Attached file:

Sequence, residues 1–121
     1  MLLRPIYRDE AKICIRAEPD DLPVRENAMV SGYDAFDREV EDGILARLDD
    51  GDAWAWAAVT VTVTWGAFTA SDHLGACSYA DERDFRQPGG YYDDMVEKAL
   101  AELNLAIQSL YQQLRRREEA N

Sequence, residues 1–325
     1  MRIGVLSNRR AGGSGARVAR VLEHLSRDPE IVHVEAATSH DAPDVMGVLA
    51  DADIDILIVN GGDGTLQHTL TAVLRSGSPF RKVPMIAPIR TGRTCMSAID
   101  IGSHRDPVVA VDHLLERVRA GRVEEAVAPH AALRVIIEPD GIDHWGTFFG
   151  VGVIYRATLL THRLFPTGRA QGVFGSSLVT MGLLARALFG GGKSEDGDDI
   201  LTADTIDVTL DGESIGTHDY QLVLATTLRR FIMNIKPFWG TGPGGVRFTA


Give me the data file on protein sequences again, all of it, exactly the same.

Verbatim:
Sequence, residues 1–121
     1  MLLRPIYRDE AKICIRAEPD DLPVRENAMV SGYDAFDREV EDGILARLDD
    51  GDAWAWAAVT VTVTWGAFTA SDHLGACSYA DERDFRQPGG YYDDMVEKAL
   101  AELNLAIQSL YQQLRRREEA N

Sequence, residues 1–325
     1  MRIGVLSNRR AGGSGARVAR VLEHLSRDPE IVHVEAATSH DAPDVMGVLA
    51  DADIDILIVN GGDGTLQHTL TAVLRSGSPF RKVPMIAPIR TGRTCMSAID
   101  IGSHRDPVVA VDHLLERVRA GRVEEAVAPH AALRVIIEPD GIDHWGTFFG
   151  VGVIYRATLL THRLFPTGRA QGVFGSSLVT MGLLARALFG GGKSEDGDDI
   201  LTADTIDVTL DGESIGTHDY QLVLATTLRR FIMNIKPFWG TGPGGVRFTA